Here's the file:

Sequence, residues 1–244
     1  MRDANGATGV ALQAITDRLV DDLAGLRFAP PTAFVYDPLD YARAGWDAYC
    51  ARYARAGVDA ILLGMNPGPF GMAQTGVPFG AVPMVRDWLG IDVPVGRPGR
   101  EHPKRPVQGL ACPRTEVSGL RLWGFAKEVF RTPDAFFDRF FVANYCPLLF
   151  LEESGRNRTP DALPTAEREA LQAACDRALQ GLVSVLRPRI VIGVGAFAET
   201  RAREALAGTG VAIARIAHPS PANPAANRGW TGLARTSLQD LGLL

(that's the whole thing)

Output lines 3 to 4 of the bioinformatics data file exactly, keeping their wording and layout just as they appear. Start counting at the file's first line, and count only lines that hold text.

    51  ARYARAGVDA ILLGMNPGPF GMAQTGVPFG AVPMVRDWLG IDVPVGRPGR
   101  EHPKRPVQGL ACPRTEVSGL RLWGFAKEVF RTPDAFFDRF FVANYCPLLF